Emergency Contraception: are the rights to conscience and to reproductive freedom irreconcilable?
Emergency Contraception (EC) has been gaining attention for its controversial nature, from the ethical, moral and religious perspectives. Objecting health professionals feel that the implementation of certain procedures or the prescription of some drugs would engender a conflict of conscience. That is also true in the context of reproductive medicine and not only limited to EC, but including abortion and some medically-assisted procreation procedures; all such procedures have created a rift between sexuality and procreation that has substantial ethical complexities.
Provided that respect for conscience is essential, and codified in many national and international statutes, any refusal to provide services or medication should be limited if it might negatively affect a patient’s health, is based on scientific misinformation, or could bring about inequalities of any kind. First and foremost, any imposition of religious or moral beliefs on patients should not be countenanced.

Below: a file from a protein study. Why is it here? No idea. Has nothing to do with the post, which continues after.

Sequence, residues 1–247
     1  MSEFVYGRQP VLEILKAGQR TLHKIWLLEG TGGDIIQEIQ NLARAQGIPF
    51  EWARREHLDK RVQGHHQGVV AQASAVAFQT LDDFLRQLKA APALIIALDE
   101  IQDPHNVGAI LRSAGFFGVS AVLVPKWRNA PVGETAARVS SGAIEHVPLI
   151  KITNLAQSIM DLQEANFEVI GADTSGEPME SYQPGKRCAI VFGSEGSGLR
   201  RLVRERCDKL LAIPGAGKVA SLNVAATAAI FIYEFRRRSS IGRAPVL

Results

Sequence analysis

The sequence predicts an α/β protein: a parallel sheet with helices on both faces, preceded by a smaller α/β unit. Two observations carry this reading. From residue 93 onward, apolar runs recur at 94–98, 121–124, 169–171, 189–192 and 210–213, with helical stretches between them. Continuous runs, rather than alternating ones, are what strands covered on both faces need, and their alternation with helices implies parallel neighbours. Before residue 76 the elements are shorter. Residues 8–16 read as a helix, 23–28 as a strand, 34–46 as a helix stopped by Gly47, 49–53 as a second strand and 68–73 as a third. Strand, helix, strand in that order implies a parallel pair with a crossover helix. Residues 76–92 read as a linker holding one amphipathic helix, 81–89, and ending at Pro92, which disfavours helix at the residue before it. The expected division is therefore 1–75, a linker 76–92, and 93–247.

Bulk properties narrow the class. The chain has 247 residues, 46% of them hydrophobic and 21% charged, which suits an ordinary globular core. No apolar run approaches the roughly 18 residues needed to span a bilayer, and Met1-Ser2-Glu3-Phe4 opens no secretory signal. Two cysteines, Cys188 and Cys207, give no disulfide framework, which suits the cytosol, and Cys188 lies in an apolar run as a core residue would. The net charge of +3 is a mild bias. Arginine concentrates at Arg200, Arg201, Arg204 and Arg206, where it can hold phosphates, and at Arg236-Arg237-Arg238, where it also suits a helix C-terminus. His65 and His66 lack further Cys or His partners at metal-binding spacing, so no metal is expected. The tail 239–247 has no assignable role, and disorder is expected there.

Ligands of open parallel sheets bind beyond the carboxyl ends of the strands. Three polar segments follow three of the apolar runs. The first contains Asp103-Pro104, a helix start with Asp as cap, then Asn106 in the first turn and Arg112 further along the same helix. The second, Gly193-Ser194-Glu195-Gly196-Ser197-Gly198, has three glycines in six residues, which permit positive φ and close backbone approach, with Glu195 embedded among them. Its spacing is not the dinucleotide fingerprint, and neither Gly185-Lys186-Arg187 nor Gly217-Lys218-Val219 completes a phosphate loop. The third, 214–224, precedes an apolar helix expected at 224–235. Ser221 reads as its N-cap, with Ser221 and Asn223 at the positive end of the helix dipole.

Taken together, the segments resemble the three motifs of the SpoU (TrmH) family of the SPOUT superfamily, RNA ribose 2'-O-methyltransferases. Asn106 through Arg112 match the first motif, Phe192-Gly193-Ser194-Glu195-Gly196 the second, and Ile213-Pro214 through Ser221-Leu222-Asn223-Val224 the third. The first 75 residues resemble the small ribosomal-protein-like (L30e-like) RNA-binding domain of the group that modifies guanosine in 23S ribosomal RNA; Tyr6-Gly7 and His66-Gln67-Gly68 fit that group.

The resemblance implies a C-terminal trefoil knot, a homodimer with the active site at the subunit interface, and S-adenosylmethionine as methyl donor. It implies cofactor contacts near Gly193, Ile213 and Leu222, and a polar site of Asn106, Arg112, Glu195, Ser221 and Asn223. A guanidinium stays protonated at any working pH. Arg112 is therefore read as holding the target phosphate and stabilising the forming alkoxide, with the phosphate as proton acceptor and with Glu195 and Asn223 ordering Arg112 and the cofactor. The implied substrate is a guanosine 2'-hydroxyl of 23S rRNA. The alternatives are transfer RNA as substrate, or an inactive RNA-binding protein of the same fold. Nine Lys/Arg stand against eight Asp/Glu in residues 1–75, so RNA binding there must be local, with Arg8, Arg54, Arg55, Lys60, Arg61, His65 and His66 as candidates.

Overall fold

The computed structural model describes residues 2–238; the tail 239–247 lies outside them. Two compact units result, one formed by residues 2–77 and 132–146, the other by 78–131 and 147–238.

In fact, any form of conscientious objection that could harm patient well-being should be allowed only if the fundamental duty towards patients can be effectively discharged. The right to thorough and unbiased information is crucial so as to enable patients to make well-informed decisions. Moreover, as the WHO has remarked, access to safe and legal reproductive services should be fostered particularly in at-risk, resource-poor areas.